Obama: South Sudan human rights abusers will be held accountable
A spokesperson for the U.S. Department of State dismissed comments by Uganda’s President that a regional force would launch a military offensive against South Sudan’s former vice president Riek Machar unless he agreed to a ceasefire this week.
Separately the U.S. State Department told The Black Star News that those identified as responsible for atrocities would be held accountable.
Forces supporting Machar and those backing President Salva Kiir have been battling since December 15 when the crisis erupted. More than 1,000 people are reported to have been killed and more than 100,000 displaced; about half sought sanctuary in UN garrisons in South Sudan.
The political dispute between the South Sudan leaders have taken on an ugly ethnic dimension, with Dinkas and Nuers attacking each other. Kiir is a Dinka and Machar is Nuer.
Machar also accuses Uganda’s president, Gen. Yoweri Museveni, of taking sides in the South Sudan internal conflict including bombing targets there.
After a meeting of a regional organization called Inter-Governmental Authority for Development (IGAD) in Nairobi to discuss the South Sudan crisis, Museveni then flew to Juba, the capital of South Sudan to meet with President Silva Kiir, and according to Uganda’s The Daily Monitor, said: “We gave Riek Machar four days to respond and if he doesn’t we shall have to go for him, all of us. That is what we agreed in Nairobi..”
IGAD’s members include; Djibouti, Eritrea, Ethiopia , Somalia , Sudan, Kenya, and Uganda. Gen. Museveni seemed to have been speaking for himself when he issued the threat to Machar.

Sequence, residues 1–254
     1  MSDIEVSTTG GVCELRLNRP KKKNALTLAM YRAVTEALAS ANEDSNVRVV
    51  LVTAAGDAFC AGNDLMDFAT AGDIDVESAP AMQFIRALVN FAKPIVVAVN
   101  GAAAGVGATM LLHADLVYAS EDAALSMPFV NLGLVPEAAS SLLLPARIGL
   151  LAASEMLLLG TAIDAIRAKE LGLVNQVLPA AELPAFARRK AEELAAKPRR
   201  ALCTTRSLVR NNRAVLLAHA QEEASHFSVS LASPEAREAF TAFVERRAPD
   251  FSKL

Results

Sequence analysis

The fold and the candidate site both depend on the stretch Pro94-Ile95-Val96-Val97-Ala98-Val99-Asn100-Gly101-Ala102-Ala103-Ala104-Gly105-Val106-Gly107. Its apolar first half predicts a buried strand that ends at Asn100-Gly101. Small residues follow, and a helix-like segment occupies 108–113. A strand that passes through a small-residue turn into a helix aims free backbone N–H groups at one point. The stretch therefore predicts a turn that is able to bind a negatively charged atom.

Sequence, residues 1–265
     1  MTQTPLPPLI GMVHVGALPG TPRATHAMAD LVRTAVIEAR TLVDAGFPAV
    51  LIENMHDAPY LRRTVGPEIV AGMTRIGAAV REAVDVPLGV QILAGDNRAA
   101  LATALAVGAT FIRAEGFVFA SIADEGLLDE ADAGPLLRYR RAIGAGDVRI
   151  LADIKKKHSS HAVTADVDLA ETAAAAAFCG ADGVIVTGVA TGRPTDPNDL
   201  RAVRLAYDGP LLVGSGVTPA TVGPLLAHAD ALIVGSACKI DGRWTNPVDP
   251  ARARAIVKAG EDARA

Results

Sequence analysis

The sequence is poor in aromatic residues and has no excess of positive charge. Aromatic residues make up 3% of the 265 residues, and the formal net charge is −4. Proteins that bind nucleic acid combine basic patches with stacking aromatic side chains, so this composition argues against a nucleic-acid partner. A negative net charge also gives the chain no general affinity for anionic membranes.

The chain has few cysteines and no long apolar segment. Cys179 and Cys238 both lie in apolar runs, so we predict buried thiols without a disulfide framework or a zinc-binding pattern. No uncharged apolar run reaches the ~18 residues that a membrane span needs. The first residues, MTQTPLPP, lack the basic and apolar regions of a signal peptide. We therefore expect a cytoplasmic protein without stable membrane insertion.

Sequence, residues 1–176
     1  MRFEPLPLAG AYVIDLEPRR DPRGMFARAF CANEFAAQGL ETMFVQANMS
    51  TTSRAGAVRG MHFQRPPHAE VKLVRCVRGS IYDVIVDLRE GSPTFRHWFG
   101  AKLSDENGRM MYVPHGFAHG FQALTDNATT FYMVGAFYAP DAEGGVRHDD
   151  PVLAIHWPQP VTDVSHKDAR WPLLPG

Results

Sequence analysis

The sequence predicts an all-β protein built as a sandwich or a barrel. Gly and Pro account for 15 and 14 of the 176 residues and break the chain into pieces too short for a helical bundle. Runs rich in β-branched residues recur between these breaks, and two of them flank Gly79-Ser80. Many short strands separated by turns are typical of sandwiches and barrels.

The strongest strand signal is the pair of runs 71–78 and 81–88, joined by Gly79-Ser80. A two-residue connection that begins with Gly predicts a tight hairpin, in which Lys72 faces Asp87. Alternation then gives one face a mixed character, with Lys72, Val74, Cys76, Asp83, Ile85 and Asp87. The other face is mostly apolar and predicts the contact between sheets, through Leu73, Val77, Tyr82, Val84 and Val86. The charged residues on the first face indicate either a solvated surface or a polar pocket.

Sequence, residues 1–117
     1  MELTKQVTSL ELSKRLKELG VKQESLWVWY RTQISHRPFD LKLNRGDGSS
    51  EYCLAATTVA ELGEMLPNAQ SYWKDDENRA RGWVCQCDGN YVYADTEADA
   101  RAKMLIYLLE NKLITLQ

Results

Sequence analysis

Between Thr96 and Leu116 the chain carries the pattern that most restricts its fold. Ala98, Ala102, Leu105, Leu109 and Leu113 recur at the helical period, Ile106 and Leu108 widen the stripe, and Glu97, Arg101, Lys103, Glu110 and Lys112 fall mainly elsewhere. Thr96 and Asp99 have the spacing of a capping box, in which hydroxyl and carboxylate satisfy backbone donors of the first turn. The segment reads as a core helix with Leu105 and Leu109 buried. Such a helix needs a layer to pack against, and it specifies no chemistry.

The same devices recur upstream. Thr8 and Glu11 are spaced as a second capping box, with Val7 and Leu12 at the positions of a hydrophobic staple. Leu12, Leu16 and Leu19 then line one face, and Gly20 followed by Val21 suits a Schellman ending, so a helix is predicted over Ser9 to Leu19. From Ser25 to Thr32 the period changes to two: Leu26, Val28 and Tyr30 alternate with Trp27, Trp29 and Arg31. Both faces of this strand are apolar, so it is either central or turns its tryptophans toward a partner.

Responding to a question from a reporter about Gen. Museveni’s remark, during a daily news conference yesterday at the State Department in Washington, deputy spokesperson Marie Harf said she “didn’t see those comments,” attributed to Museveni. “I’m happy to look at them. I don’t know what he meant, quite frankly,” she said.
Responding to questions today from The Black Star News regarding Gen. Museveni’s remarks, a spokesperson for the State Department ignored the Ugandan’s comments and responded:
“Secretary Kerry has had several conversations with both President Kiir and former Vice President Machar. He has vigorously urged them to take steps to end the violence and begin a good-faith effort at political dialogue. The Secretary has clarified that any effort to seize power through the use of military force will result in the end of longstanding support from the United States and the international community. He has also noted that all parties in this conflict have a responsibility to facilitate humanitarian access, to prevent atrocities and to cooperate fully with UN civilian protection and human rights monitoring activities.”
The spokesperson added: “Those who are responsible for atrocities or other serious human rights abuses, must be identified and held accountable.”
“U.S. Special Envoy Donald Booth has been in the region all week. He is working closely with leaders from the Inter-Governmental Authority for Development (IGAD) nations to promote and support a political dialogue.
“As President Obama recently noted, South Sudanese leaders can choose to end the violence, work to resolve tensions peacefully and democratically, commit to dialogue, and take immediate steps to urge calm and support reconciliation. Now is the time for them to show courage and leadership, to reaffirm their commitment to peace, to unity, and to a better future for their people,” the spokesperson said.